B-1B bomber aircraft

The US Air Force (USAF) has awarded a follow-on contract to ITT Exelis as part of the ongoing maintenance and repair of the B-1B bomber aircraft’s integrated electronic warfare (EW) system.

Under the $7.7m contract, ITT will provide maintenance and repair services for the B-1B bomber aircraft’s integrated defensive avionics system, the ALQ-161A.

As the original designers of the B-1B’s EW system ALQ-161A, Exelis Electronic Systems has drawn on decades of experience in repairing and maintaining the system, allowing the B-1B bomber aircraft to operate effectively.

Exelis integrated electronic warfare systems business vice president and general manager, Rich Sorelle, said: "This work is critical to sustaining the nation’s strategic capability."

The Rockwell International-developed B-1B Bomber is capable of carrying the AGM-86B air launch cruise missile (ALCM) and the AGM-69 short-range attack missile.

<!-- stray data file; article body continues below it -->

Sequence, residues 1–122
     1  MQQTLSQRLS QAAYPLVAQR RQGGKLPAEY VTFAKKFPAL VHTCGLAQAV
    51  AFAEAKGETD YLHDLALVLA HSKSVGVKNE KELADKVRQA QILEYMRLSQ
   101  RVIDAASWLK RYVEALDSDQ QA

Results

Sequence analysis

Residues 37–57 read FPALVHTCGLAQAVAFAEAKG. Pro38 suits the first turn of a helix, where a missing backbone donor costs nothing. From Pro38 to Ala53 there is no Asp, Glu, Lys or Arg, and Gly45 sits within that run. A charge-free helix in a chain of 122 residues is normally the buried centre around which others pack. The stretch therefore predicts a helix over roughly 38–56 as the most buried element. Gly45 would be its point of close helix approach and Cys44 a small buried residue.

The B-1 Lancer is a long-range and supersonic variable-sweep wing strategic bomber used by the USAF to support US and Nato missions in Iraq and Afghanistan.

With a maximum take-off weight of 216,363kg, the aircraft weighs around 86,182kg and can fly at a maximum speed of 1,448km/h with a service ceiling of 9,144m.

The USAF currently operates a total of 67 B-1 bombers, which are expected to be in operational service until 2025.

Boeing has upgraded the bomber’s avionics software with a fully integrated data link (FIDL) to enhance crew situational awareness and communications capability, under a $45m contract from the USAF in February 2009.

The contract has been awarded by USAF Warner Robins Air Logistics Command, in Warner Robins, Georgia, US and the repairs will be led by the Exelis Electronic Systems division in North Amityville, New York, US.

Image: The US Air Force’s B-1 Lancer flying with wings swept full forward. Photo: courtesy of Denniss.